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KHN First Edition: May 9, 2016


First Edition

Monday, May 09, 2016
Check Kaiser Health News online for the latest headlines

Today's early morning highlights from the major news organizations.

Kaiser Health News: Sharing Your Doctor With A Group
Kaiser Health News staff writer Anna Gorman reports: "The women sat in a circle and bemoaned their sleepless nights. It seemed unfair: Their babies weren’t even born yet. ... These moms-to-be weren’t just commiserating over coffee. They were at a routine prenatal visit — all five of them at once. The women are participating in a unique type of health care: shared medical appointments. As a group, they see nurse midwife Mercedes Taha for 10 two-hour visits throughout their pregnancies. They take turns being examined, learn more about childbirth and parenting, and as their due dates approach, celebrate with a joint baby shower." (Gorman, 5/9)

The New York Times: Arizona Restores Health Program For Children Of Working Poor
A health care program for children of the working poor that had been left out of the budget approved by the Arizona Legislature this week was resuscitated on Friday, after Democrats and moderate Republicans agreed to attach it to a bill expanding disabled students’ eligibility for school vouchers. After blocking a previous stand-alone bill authorizing the program last month, the Senate president, Andy Biggs, allowed the amended measure to come to a vote on Friday. The House of Representatives had already passed it 38 to 21 late Thursday. (Santos, 5/6)

Reuters: Arizona Joins Rest Of U.S. In Adding Health Insurance Program For Children
Arizona opted out of the federal Children's Health Insurance Program in 2010 over cost concerns as it grappled with a budget crunch. The program aims to help working families who earn too much to qualify for Medicaid health care coverage for the poor, but who cannot afford private health insurance. To qualify for KidsCare, as it's known in Arizona, a family of four must earn between $33,000 and $49,000 annually. It is estimated to serve about 30,000 children in Arizona. (Schwartz, 5/6)

Reuters: Cigna Says Anthem Deal Could Close In 2017; Anthem Sticks To 2016
Health insurer Cigna Corp, which announced plans to be bought by larger Anthem Inc 10 months ago, on Friday said the deal may close in 2017 rather than 2016 due to the complexity of the regulatory process, according to a filing with the Securities and Exchange Commission. The U.S. Department of Justice is currently reviewing the Cigna-Anthem deal, which would create the nation's largest health insurer, offering Medicare, Medicaid and commercial health insurance. (Humer, 5/6)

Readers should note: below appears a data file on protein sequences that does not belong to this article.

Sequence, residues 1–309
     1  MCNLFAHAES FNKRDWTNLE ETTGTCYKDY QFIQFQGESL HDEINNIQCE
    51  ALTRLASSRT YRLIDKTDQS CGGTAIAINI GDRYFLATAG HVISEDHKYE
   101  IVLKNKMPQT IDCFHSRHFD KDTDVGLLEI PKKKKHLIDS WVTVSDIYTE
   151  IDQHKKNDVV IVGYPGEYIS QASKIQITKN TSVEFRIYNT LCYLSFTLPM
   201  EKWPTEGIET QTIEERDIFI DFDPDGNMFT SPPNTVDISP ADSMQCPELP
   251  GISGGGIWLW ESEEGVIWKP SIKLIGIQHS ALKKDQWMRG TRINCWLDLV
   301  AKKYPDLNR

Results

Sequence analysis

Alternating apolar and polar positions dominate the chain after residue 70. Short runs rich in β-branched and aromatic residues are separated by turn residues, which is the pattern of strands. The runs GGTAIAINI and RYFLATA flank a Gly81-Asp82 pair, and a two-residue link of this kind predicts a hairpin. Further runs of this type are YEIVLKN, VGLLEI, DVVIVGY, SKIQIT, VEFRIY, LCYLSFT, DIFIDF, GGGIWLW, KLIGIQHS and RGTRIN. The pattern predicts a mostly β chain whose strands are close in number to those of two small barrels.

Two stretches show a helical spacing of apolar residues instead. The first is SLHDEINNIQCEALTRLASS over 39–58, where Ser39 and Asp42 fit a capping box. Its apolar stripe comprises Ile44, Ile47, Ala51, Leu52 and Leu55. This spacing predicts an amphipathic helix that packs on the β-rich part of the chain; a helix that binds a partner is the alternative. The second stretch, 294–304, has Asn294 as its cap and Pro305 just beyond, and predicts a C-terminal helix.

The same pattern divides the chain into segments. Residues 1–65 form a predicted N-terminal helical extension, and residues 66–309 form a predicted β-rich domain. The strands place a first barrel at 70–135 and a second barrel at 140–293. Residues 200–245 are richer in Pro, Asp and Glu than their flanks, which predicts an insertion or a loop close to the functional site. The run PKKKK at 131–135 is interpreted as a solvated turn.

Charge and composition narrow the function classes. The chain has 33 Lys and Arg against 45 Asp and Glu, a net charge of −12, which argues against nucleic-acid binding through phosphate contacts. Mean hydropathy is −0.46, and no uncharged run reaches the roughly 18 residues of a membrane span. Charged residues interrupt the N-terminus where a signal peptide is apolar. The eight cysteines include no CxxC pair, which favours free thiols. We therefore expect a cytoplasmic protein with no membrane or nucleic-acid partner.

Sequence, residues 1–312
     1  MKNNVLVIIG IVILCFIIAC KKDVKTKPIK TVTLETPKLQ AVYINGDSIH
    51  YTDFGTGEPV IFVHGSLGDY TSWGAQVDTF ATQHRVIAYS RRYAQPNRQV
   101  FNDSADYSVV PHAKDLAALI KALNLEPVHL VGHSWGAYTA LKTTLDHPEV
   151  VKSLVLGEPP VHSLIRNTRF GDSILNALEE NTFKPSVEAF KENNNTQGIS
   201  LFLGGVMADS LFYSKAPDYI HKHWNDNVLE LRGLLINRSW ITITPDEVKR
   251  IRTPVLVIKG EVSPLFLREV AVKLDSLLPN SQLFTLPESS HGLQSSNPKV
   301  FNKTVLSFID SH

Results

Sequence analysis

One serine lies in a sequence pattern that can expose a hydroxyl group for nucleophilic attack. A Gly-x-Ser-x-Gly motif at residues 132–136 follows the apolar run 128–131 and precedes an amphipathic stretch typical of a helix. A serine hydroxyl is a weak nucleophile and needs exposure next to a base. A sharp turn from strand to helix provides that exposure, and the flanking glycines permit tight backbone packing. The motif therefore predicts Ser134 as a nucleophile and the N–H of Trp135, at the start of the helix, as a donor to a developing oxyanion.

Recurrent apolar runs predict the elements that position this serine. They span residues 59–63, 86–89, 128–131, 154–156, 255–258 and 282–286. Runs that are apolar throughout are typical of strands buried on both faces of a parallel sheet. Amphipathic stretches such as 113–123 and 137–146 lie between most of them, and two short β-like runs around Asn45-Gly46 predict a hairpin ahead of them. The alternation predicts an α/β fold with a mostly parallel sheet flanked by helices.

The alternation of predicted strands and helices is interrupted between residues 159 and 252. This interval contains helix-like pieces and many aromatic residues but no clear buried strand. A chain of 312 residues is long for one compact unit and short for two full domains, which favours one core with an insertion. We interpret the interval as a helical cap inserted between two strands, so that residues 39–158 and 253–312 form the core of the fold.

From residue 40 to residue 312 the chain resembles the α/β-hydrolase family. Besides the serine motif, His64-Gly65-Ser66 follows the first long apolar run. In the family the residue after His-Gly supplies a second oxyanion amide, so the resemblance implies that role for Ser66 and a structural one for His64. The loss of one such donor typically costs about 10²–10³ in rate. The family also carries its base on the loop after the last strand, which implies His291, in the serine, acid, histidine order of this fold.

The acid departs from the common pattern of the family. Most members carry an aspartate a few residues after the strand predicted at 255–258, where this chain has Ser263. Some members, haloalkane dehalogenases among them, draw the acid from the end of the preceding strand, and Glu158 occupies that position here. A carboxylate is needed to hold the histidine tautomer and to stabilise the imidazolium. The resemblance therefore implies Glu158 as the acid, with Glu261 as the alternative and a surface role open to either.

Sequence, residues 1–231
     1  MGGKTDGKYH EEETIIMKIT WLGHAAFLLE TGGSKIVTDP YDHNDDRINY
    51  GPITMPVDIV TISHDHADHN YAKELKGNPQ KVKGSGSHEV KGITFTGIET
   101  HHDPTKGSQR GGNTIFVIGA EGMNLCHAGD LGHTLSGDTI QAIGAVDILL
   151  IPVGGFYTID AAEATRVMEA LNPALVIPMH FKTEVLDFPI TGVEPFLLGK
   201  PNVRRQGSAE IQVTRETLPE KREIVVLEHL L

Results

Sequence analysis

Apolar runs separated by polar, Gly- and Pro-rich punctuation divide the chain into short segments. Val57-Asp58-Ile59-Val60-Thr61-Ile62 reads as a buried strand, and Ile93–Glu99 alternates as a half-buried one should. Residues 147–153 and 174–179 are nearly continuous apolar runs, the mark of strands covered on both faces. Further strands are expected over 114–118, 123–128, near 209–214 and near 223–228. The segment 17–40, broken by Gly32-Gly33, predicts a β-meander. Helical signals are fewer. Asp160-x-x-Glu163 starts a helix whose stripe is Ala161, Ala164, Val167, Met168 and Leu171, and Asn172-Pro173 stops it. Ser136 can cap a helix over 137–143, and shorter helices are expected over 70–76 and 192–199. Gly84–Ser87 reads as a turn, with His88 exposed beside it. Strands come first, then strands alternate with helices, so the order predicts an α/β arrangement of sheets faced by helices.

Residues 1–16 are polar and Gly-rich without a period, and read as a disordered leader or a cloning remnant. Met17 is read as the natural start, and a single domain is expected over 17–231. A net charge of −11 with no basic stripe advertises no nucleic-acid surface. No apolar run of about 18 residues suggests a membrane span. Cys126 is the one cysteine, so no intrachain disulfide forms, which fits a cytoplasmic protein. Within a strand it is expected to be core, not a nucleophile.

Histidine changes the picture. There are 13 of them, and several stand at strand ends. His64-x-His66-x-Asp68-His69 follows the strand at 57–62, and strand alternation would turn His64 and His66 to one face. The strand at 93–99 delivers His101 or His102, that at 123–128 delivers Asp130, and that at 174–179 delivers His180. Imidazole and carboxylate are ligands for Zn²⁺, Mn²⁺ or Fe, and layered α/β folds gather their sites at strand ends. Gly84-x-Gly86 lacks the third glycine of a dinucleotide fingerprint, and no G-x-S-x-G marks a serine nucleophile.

The Associated Press: Feds Propose Limits On Special Sign-Ups For Obama Health Law
The Obama administration says it's moving to limit special sign-up periods under the president's health care law after insurers complained of abuses. Under a policy change proposed Friday, people who try to get coverage after moving to a different community will have to show they were insured at their previous address at least some of the time during the previous 60 days. (5/6)

The New York Times: Nursing Homes Turn To Eviction To Drop Difficult Patients
Nursing homes are increasingly evicting their most challenging residents, advocates for the aged and disabled say, testing protections for some of society's most vulnerable. Those targeted for eviction are frequently poor and suffering from dementia, according to residents' allies. They often put up little fight, their families unsure what to do. Removing them makes room for less labor-intensive and more profitable patients, critics of the tactic say, noting it can be shattering. (5/8)

The New York Times: Black Americans See Gains In Life Expectancy
It is a bitter but basic fact in health research: Black Americans die at higher rates than whites from most causes, including AIDS, heart disease, cancer and homicide. But a recent trove of federal data offered some good news. The suicide rate for black men declined from 1999 to 2014, making them the only racial group to experience a drop. Infant mortality is down by more than a fifth among blacks since the late 1990s, double the decline for whites. Births to teenage mothers, which tend to have higher infant mortality rates, have dropped by 64 percent among blacks since 1995, faster than for whites. (Tavernise, 5/8)

The Associated Press: Once Unthinkable In US, Drug Shoot-Up Rooms Get Serious Look
Across the United States, heroin users have died in alleys behind convenience stores, on city sidewalks and in the bathrooms of fast-food joints — because no one was around to save them when they overdosed. An alarming 47,000 American overdose deaths in 2014 — 60 percent from heroin and related painkillers like fentanyl — has pushed elected leaders from coast to coast to consider what was once unthinkable: government-sanctioned sites where users can shoot up under the supervision of a doctor or nurse who can administer an antidote if necessary. (5/8)

The Washington Post: Her Fiance Gave Her Heroin. She Overdosed. Does That Make Him A Murderer?